Cornell Feline Health Center

Supporting Cat Health with Information and Health Studies.

Feline Diabetes

What is Diabetes?

Diabetes mellitus is a condition in which the body cannot properly produce or respond to the hormone insulin. This results in elevated levels of the sugar glucose in the blood, which is the main source of energy for the body.

Like the human body, the cells in a cat’s body need sugar in the form of glucose for energy. However, glucose in the blood requires insulin, a hormone produced by the pancreas, to “unlock” the door to cells. Insulin attaches to cells and signals when the time is right to absorb glucose. By absorbing glucose, cells in fat deposits, the liver, and the muscles get vital fuel while lowering levels of glucose in the blood.

In Type I diabetes, blood glucose concentrations are high because of a decrease in insulin production. In Type II diabetes, glucose levels are high because cells in the body do not respond appropriately to insulin. In both Type I and Type II diabetes, cells cannot access the nutrients they need even though there is plenty of sugar in the blood, because insulin can’t transport the sugar from the bloodstream into the cells that need it. 

Cats with diabetes most commonly suffer from the Type II form of the disease. It is estimated that between 0.2 % and 1 % of cats will be diagnosed with diabetes during their lifetime. 

Risk Factors

The most important risk factors identified for the development of diabetes in cats include obesity, increasing age, physical inactivity, male gender, and the use of glucocorticoids (steroids) to treat other illnesses such as feline asthma.  In some countries, Burmese cats appear to have a higher risk of developing diabetes than other breeds, but this may not be true in the United States. 

Obese cats are up to four times more likely to develop diabetes than ideal weight cats, so the most important thing a cat owner can do to decrease their risk of developing diabetes is to maintain a healthy weight and encourage physical activity through daily play.

Clinical Signs

The two most common signs of diabetes noticed by owners at home are weight loss despite a good appetite and increased thirst and urination. 

Weight loss may be noticed at home or during a routine examination with the veterinarian. In both Type I and Type II diabetes, the cells in the body are unable to absorb glucose from the blood and become starved of energy. To get the energy it needs, the body turns to other sources, breaking down fats and proteins to feed glucose-starved cells. This breakdown results in weight loss, despite an increased appetite.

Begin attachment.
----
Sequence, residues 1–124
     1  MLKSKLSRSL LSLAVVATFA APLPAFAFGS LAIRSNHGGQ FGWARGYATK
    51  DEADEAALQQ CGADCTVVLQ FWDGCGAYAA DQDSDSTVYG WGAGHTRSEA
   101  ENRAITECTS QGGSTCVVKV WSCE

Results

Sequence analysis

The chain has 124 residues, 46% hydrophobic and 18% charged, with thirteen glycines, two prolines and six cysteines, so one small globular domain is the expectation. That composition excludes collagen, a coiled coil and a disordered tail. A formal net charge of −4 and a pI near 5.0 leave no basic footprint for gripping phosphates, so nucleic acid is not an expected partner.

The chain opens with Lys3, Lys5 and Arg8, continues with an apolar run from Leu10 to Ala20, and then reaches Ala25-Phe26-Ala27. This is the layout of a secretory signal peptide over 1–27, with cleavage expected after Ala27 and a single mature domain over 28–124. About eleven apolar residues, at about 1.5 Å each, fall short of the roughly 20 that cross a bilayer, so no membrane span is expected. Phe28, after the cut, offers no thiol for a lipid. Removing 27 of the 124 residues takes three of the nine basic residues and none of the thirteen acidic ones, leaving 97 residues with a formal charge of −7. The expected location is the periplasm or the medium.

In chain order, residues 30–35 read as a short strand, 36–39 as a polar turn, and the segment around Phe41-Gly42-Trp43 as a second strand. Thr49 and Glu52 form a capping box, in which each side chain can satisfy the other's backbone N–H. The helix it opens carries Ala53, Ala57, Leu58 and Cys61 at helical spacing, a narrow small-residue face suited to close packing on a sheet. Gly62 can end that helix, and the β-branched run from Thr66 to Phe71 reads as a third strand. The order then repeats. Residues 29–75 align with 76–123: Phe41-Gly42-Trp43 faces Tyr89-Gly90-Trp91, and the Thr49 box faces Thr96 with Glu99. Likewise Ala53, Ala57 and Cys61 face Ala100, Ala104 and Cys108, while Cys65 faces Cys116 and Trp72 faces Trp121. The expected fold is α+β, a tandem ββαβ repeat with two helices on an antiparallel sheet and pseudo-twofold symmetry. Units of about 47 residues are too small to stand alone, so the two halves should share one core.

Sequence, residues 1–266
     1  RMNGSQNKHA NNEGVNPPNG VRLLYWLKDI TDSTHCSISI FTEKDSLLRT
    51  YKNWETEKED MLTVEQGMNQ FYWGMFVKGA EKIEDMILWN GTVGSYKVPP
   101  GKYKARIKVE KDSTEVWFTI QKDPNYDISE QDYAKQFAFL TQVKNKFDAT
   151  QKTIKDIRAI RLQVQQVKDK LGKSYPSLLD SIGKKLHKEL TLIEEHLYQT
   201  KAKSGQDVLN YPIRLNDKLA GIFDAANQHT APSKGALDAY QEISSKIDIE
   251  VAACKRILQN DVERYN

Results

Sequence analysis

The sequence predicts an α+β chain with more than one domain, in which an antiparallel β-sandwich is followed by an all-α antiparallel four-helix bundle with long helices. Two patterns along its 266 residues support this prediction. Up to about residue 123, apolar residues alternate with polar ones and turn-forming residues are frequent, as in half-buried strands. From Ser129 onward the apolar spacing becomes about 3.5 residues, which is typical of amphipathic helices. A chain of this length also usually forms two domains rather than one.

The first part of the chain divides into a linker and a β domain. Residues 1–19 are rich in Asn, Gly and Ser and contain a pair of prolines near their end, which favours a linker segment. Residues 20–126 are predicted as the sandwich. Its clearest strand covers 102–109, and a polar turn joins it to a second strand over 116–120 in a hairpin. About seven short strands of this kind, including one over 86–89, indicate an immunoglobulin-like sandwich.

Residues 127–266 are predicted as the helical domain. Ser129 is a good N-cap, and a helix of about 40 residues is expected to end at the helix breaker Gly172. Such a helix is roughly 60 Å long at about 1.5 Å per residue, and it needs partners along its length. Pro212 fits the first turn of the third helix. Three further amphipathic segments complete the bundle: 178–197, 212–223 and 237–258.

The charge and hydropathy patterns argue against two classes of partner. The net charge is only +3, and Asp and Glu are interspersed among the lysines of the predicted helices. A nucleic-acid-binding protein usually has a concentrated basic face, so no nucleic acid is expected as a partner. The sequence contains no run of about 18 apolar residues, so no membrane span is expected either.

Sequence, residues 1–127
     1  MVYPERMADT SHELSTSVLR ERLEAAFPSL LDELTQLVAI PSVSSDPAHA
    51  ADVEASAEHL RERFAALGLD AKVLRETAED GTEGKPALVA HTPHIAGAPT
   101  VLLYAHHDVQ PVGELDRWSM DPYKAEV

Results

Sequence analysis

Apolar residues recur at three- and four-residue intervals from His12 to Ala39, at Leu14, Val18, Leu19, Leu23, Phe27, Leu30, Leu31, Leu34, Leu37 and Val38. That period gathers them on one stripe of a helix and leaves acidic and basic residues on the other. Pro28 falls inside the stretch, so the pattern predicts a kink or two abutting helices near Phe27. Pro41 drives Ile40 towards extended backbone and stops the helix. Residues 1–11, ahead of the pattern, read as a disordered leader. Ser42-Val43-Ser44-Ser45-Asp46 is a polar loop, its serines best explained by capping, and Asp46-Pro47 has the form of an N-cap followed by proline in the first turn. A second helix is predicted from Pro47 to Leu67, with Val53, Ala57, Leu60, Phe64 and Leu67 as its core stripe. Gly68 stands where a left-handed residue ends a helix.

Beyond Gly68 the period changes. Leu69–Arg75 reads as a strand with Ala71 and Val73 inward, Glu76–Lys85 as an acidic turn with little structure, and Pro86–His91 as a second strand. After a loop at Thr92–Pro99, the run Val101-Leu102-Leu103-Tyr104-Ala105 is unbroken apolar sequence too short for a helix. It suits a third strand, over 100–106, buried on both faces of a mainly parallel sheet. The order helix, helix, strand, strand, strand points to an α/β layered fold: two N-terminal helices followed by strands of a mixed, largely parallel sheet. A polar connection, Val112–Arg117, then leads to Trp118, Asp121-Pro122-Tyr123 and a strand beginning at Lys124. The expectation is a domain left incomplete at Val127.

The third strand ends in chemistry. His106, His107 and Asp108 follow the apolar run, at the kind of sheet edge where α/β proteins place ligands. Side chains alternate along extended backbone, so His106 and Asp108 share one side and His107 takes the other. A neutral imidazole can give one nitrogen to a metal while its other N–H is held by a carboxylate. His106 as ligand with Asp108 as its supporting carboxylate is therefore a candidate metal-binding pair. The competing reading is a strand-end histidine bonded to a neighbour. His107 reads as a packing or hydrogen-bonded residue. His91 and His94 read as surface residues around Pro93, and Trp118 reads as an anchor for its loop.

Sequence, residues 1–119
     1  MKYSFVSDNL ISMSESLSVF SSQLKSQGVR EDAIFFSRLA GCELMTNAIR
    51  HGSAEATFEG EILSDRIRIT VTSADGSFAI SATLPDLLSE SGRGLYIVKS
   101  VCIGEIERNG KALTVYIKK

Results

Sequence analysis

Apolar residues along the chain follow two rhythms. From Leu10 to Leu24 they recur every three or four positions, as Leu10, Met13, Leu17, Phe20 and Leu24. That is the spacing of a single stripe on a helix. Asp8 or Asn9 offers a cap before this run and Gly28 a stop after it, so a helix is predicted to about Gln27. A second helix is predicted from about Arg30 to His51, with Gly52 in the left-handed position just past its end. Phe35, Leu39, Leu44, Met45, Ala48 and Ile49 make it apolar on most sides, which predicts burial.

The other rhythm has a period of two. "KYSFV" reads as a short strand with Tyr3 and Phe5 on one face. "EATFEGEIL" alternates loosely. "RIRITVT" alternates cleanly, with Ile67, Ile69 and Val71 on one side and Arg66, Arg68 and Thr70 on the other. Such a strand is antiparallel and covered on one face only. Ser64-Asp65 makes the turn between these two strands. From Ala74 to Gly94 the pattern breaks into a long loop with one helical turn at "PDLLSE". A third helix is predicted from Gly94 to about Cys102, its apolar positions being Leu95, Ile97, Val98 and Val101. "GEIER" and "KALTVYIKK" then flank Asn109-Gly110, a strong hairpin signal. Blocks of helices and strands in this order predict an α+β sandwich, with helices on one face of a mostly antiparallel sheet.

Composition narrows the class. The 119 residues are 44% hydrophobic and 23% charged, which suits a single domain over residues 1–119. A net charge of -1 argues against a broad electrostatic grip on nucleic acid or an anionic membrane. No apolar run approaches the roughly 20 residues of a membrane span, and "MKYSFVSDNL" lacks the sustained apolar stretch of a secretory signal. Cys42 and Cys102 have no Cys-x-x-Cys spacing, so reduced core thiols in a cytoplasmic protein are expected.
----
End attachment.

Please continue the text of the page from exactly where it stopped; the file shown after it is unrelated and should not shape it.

Excessive thirst and urination can also signal diabetes in a cat. High levels of sugar in the blood can overwhelm the ability of the kidney to filter glucose, allowing sugar to “spill out” of the blood and into the urine. This high urine glucose concentration can actually pull excessive amounts of water into the urine, resulting in increased urine volume, increased urinary water loss, a propensity for dehydration, and a compensatory increase in thirst.

In rare cases of uncontrolled diabetes, cats may experience damage to the nerves in the hind limbs, resulting in a “plantigrade” stance of the hind limbs (walking or standing with their hocks on or close to the ground). This is not painful, and will often resolve with treatment.

Diagnosis

Your veterinarian will diagnose diabetes mellitus by demonstrating persistently elevated glucose levels in a cat’s blood and urine. This testing, along with consistent clinical signs, will lead to the diagnosis of diabetes.

A single blood glucose reading in a veterinary clinic may not be sufficient to diagnose diabetes in all cases. Cats can develop a short-term elevation in blood glucose as a response to stress, known as stress hyperglycemia. In these uncertain cases a lab test known as a fructosamine concentration can be helpful. This test gives a rough average of a cat’s blood glucose concentration over the last two weeks, so would not be affected by stress hyperglycemia.

Other tests will likely be recommended by the veterinarian to rule out other diseases which might be contributing to a cat’s clinical signs, such as a urinary tract infection, chronic kidney disease, pancreatitis or hyperthyroidism.

Treatment

The main goals of treatment for feline diabetes are:

  • Restoring normal blood glucose concentrations
  • Stopping or controlling weight loss
  • Stopping or minimizing signs of increased thirst and urination
  • Avoiding inappropriately low blood sugar due to treatment (hypoglycemia)

These goals are best achieved through a combination of insulin and dietary therapy.

Insulin Therapy
Injectable insulin is a mainstay of treatment for feline diabetes. Unlike humans with Type II diabetes, oral medications to reduce blood sugar such as glipizide have not shown to be consistently effective in cats.

There are multiple types of insulin preparations that can be used for cats in the treatment of diabetes, such as lente insulin (Vetsulin), ProZinc or glargine insulin. These types of insulin vary in cost, duration of action, and concentration, so it is important for an owner to discuss the pros and cons of each type with their veterinarian when deciding which insulin is best for their cat. It is also important to note that each insulin type has a specific syringe size (U-100 or U-40), so it is vital that a cat owner ensure that they are using the appropriate syringe for their cat’s insulin.